Landmark anthropological works on fame have shown that gift-giving is often the vehicle for producing relations of 'positive value' and recognition. When viewing fame against the related notion of fortune, however, the focal point of study shifts to how people produce reputations that are 'beyond value' or 'priceless'. This article proposes that the Nuosu of Southwest China enter into an ongoing 'economy of ordeals' in order to accumulate priceless 'tokens of value' that increase their 'fate-fortune' and fame. It shows that ambitious Nuosu accept new ordeals to achieve fame, while comfortably viewing their accomplishments as akin to those of a predatory spider. Tellingly, though, these efforts are vulnerable to the counter-extractive maneuvers of other people and ghosts, which present the Nuosu with new ordeals that could deplete their resources.
Hidden Jokes and the Reinvention of Animistic Ontologies in Southwest China
ecological jargon in the first place. Drawing on my fieldwork among the Nuosu of Southwest China, my aim in this article is to show how the ‘art of capture’ underpins the native reinvention of animistic ontologies that shadow our fieldwork efforts at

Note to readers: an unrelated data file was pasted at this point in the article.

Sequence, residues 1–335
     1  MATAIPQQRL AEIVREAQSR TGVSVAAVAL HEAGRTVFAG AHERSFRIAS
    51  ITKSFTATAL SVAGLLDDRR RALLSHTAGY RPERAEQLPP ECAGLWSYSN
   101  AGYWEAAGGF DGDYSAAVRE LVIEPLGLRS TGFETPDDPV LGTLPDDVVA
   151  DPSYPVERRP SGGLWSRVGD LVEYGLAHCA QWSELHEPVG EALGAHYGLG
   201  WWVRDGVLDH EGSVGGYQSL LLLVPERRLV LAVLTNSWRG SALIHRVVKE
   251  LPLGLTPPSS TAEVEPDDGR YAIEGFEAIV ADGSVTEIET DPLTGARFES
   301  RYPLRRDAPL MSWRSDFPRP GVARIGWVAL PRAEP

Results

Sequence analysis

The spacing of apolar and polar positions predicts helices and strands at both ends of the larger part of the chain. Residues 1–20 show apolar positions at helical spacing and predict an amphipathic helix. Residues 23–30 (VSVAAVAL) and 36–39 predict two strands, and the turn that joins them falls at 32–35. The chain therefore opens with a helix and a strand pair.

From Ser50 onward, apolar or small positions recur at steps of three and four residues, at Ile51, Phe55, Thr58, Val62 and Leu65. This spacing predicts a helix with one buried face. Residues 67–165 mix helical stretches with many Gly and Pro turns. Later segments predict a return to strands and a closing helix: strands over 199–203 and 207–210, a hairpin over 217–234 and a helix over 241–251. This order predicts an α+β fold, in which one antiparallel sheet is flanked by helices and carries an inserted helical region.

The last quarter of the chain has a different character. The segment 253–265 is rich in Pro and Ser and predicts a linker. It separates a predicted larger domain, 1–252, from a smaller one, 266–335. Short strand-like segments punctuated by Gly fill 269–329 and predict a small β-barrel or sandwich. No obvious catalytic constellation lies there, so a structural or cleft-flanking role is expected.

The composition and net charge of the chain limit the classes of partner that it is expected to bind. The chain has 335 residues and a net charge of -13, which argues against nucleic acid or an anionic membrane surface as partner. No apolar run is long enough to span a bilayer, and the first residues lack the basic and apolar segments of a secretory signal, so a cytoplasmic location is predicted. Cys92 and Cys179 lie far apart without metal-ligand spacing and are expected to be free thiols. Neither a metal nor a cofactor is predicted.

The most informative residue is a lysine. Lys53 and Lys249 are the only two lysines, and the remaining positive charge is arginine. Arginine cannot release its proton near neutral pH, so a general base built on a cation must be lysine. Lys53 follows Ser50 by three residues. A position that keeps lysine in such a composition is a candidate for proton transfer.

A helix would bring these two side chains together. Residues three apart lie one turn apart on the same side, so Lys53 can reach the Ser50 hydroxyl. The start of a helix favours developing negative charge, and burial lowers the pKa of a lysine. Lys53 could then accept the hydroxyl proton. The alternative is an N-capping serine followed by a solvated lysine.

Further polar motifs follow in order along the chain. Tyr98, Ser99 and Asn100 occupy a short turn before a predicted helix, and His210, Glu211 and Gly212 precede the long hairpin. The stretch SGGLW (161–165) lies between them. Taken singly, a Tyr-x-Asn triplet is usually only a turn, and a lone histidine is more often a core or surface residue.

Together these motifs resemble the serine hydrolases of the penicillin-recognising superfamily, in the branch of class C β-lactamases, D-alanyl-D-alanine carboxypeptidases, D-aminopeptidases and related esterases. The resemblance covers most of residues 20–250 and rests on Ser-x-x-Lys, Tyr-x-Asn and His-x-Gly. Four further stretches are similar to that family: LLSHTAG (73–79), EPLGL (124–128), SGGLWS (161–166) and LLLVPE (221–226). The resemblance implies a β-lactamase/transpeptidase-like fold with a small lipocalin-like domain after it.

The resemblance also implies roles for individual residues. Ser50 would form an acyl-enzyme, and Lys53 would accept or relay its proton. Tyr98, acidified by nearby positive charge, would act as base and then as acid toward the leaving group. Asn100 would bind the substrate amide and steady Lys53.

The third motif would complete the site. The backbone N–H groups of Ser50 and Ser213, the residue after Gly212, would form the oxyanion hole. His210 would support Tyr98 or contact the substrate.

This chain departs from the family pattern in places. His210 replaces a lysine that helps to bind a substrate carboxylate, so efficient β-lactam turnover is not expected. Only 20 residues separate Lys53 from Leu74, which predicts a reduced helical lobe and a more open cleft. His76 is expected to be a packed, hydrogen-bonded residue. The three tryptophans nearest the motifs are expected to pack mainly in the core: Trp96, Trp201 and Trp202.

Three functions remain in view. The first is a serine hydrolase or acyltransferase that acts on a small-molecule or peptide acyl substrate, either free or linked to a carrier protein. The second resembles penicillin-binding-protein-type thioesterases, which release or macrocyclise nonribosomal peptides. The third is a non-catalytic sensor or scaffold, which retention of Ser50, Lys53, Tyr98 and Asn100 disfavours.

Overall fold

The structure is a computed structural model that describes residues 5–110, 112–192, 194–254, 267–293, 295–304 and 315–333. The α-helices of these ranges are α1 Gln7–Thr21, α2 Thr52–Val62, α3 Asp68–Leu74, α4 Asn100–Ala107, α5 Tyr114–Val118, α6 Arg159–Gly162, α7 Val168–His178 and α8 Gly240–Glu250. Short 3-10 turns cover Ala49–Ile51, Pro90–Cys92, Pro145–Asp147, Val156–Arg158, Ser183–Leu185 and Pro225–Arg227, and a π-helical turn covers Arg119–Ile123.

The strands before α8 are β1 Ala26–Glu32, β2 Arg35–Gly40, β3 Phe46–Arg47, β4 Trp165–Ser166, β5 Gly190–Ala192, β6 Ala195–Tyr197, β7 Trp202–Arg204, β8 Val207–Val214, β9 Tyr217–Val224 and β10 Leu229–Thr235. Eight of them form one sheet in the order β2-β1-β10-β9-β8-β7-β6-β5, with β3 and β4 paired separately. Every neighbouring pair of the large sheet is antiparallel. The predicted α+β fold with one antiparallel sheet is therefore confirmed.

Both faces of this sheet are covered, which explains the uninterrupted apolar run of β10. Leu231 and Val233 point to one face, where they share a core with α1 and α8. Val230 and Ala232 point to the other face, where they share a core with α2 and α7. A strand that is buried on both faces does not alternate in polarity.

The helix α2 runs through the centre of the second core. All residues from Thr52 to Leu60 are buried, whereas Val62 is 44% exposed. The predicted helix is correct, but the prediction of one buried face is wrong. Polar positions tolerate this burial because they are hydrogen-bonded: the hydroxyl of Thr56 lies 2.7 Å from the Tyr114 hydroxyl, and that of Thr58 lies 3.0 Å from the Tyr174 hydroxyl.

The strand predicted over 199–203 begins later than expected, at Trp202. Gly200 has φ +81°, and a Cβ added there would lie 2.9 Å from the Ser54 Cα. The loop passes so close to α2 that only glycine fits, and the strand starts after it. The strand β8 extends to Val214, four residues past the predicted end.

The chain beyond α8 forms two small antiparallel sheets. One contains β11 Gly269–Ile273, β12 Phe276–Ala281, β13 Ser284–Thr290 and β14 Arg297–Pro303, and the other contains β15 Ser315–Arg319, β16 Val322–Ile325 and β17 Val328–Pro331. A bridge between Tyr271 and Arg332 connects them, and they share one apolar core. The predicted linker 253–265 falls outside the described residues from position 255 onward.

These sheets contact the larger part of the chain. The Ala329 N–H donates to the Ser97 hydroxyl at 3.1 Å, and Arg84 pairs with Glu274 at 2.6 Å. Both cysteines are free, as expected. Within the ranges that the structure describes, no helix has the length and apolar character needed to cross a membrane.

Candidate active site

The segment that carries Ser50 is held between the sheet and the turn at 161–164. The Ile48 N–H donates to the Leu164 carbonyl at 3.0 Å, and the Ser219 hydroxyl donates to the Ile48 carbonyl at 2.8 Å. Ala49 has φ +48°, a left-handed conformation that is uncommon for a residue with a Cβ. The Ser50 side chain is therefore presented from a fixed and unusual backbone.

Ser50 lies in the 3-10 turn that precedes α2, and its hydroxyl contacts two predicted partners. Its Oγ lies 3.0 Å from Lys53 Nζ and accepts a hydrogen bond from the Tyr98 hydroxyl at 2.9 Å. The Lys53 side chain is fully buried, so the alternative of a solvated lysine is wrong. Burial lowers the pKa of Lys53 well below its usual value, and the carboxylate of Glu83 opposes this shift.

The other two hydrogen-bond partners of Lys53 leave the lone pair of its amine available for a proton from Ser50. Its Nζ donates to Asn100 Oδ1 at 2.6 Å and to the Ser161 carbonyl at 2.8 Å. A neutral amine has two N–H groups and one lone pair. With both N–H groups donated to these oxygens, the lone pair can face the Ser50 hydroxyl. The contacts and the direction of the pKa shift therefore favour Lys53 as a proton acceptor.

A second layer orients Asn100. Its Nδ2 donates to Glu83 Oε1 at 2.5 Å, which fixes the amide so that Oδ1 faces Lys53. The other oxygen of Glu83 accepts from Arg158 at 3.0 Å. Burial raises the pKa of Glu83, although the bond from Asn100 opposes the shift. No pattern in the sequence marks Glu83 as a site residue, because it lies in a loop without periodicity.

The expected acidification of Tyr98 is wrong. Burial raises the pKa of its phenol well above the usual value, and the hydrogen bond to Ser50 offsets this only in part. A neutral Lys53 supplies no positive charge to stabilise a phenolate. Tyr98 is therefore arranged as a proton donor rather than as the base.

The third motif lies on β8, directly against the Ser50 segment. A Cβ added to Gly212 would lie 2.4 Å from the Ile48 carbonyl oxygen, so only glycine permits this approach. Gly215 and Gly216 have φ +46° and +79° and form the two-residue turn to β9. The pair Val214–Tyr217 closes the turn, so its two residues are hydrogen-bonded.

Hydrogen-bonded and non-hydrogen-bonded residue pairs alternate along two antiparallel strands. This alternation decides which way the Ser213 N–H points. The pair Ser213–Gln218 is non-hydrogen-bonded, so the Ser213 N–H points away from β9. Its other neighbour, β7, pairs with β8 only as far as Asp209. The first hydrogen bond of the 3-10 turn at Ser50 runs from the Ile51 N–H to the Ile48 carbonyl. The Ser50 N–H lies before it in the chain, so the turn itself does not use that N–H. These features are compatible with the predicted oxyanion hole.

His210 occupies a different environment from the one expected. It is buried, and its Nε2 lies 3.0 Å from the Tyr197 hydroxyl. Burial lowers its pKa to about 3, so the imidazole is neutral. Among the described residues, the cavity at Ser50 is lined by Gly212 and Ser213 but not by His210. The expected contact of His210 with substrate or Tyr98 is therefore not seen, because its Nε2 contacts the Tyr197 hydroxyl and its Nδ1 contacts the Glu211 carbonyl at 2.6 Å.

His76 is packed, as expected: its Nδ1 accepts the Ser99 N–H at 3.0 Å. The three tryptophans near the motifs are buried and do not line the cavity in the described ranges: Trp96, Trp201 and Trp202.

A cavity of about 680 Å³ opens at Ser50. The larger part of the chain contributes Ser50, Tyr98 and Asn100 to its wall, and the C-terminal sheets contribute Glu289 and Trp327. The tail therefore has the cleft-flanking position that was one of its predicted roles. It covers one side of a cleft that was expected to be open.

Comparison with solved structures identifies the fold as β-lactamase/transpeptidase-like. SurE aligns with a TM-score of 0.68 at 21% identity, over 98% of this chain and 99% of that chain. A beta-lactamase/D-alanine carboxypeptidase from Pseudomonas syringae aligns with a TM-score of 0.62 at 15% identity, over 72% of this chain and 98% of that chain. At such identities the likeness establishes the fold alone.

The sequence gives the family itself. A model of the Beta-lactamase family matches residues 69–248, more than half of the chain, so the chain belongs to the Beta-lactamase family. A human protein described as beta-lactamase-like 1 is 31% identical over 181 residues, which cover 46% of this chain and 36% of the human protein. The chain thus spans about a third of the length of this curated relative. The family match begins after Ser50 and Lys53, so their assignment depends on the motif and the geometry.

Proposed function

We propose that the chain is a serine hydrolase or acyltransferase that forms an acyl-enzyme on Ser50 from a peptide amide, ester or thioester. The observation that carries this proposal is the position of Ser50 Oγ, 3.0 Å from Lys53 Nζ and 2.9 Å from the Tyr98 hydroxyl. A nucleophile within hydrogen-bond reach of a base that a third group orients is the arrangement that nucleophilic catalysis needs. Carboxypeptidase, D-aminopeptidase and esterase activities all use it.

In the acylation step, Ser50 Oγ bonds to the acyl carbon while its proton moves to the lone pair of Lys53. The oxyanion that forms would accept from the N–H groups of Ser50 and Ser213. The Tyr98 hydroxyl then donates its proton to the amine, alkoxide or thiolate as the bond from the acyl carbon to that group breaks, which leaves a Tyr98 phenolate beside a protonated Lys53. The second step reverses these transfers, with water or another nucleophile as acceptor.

Fieldwork, Biography, and Authorship in Southwest China and Beyond
County in Yunnan Province, China, which is predominantly populated by the Nuosu, a Tibeto-Burman group (known in Chinese as Liangshan Yizu 凉山彝族) with whom I have worked since 2007. Just two weeks after I returned from this trip to the UK in September 2015
Anthropological Knowledge Making, the Reflexive Feedback Loop, and Conceptualizations of the Soul
Katherine Swancutt and Mireille Mazard
bodily in kind. The soul-spiders of Swancutt’s (2012a , 2012b , 2012d ) Nuosu ethnography are sometimes visible, sometimes invisible fragments of the self that, when lost, may be lured back by tasty morsels of meat and other comforts of the home, or
Ontological Multiplicity and the Transformation of Animism in Southwest China
contrast, among other native societies in Southwest China, such as the Nuosu ( Swancutt 2012: 67–69 ) and the Lòlop’ò ( Mueggler 2001: 250–284 ), ghosts can interact with the living for many years after death, whether as benevolent ancestors or malevolent
Is Reconciliation Possible?
. Swancutt’s article on the Nuosu discusses a native anthropologist named Tuosat, who cannot by any academic standards (even by the strict criteria endorsed by Hastrup) be denied the legitimacy of being a professional anthropologist. The same goes for Olga